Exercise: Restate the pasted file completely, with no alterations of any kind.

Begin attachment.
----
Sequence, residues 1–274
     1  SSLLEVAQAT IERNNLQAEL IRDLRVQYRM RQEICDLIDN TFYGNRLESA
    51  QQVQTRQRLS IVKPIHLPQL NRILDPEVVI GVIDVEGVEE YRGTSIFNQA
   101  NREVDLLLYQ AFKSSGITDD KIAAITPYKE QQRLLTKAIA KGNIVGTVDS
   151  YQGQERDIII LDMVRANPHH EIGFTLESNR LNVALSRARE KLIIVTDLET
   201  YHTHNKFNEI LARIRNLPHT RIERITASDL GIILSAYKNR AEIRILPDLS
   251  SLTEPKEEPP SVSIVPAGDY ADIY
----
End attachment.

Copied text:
Sequence, residues 1–274
     1  SSLLEVAQAT IERNNLQAEL IRDLRVQYRM RQEICDLIDN TFYGNRLESA
    51  QQVQTRQRLS IVKPIHLPQL NRILDPEVVI GVIDVEGVEE YRGTSIFNQA
   101  NREVDLLLYQ AFKSSGITDD KIAAITPYKE QQRLLTKAIA KGNIVGTVDS
   151  YQGQERDIII LDMVRANPHH EIGFTLESNR LNVALSRARE KLIIVTDLET
   201  YHTHNKFNEI LARIRNLPHT RIERITASDL GIILSAYKNR AEIRILPDLS
   251  SLTEPKEEPP SVSIVPAGDY ADIY